Date of Original Version
Historically, maritime organizations seeking accurate shipboard positioning have relied upon some form of differential GNSS, such as DGPS, WAAS, or EGNOS, to improve the accuracy and integrity of the GPS. Groundbased augmentation systems, such as DGPS, broadcast corrections to the GPS signal from geographically distributed terrestrial stations, often called beacons. Specifically, pseudorange corrections for the GPS L1 C/A signal are computed at each reference site, then broadcast in the nearby geographic area using a medium frequency (approximately 300 kHz) communications link. The user then adds these corrections onto their measured pseudoranges before implementing a position solution algorithm. Within the United States, the U.S. Coast Guard operates 86 DGPS reference beacons. Similar DGPS systems are operated in Europe and elsewhere around the globe. While current DGPS receiver algorithms typically use one set of pseudorange corrections from one DGPS reference site (often the one with the “strongest” signal), many user locations can successfully receive two or more different DGPS broadcasts. This brings to mind obvious questions: “If available, how does one select the corrections to use from multiple sets of corrections?” and “Is it advantageous to combine corrections in some way?” We note that a number of factors might influence the effectiveness of any particular station’s corrections. Some of these refer to the effectiveness of the communications link itself, including concerns about interference from other beacons (skywave interference from far-away beacons on similar frequencies, a notable problem in Europe) and self-interference (skywave fading). Other factors refer to the accuracies of pseudorange corrections. For example, ionospheric storm-enhanced plasma density (SED) events can cause the corrections to have large spatial variation, making them poor choices even for users close to a beacon. Earlier work in the area of DGPS beacon selection has identified several options including choosing the beacon closest to the user or the beacon with the least skywave interference. There have also been suggestions on how to combine corrections when multiple beacons are available. The most common of these is a weighted sum of the corrections, where the weights are typically inversely proportional to the distance from the user to the individual beacon. This paper reexamines the concept of multi-beacon DGPS by evaluating methods of combining beacon corrections based on spatial relativity. Of relevance to this topic is our recent observation that DGPS accuracy performance is biased. The mean of the error scatter with DGPS corrections does not fall on the actual receiver position. We established this both by processing GPS L1 C/A observables from hundreds of CORS (Continuously Operating References Station) sites around the U.S.A. and via simulation using a Spirent GSS8000 GPS simulator. Specifically, we found that the position solution computed using DGPS beacon corrections is typically biased in a direction away from the beacon, and that the size of the bias depends upon the distance from the beacon. This bias grows with a slope of approximately one-third of a meter per 100 km of user-to-beacon distance. This paper compares the performance of several multibeacon algorithms assessed using GPS simulator data. These algorithms include the nearest beacon, a weighted sum based on distances, and a spatial linearly-interpolated correction using the actual locations of the transmitters (distance and angle). We note that as part of this research effort we developed a DGPS receiver using software-defined radio (USRP). A complete description of this system is included in the paper.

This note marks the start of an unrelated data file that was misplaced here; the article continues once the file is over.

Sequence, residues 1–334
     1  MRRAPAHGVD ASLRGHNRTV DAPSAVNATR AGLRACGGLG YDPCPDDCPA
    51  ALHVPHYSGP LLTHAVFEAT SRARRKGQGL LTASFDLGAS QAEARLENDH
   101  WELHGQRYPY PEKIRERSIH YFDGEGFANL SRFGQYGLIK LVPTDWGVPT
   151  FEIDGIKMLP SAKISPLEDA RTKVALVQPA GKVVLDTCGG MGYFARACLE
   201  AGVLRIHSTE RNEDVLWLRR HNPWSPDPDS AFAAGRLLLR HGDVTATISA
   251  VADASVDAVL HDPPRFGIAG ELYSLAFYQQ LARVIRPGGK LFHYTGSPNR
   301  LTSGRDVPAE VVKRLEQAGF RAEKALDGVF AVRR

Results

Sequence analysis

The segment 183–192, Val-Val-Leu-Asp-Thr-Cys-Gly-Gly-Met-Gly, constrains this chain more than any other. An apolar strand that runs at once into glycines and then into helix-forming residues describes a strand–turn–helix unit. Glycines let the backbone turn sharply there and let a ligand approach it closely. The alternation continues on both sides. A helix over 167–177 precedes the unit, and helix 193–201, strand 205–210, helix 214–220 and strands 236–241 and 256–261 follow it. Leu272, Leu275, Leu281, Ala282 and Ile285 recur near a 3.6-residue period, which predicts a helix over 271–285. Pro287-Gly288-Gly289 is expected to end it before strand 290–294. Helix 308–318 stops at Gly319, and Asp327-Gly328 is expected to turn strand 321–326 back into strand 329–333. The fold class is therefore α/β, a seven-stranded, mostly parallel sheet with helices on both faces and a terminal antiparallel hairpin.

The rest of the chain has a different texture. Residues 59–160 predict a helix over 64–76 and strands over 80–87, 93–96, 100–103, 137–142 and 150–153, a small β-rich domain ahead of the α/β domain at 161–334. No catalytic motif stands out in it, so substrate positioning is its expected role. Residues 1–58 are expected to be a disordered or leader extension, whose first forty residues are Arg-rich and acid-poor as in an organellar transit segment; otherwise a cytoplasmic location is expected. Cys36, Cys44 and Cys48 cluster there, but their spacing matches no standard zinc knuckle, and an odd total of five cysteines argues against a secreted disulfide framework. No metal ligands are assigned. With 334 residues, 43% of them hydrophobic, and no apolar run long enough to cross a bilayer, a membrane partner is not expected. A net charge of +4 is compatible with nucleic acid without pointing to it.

Barr, Simon P., Swaszek, Peter F., Hartnett, Richard J., Johnson, Gregory W., "Performance of Multi-Beacon DGPS," Proceedings of the 2013 International Technical Meeting of The Institute of Navigation, San Diego, California, January 2013, pp. 359-373.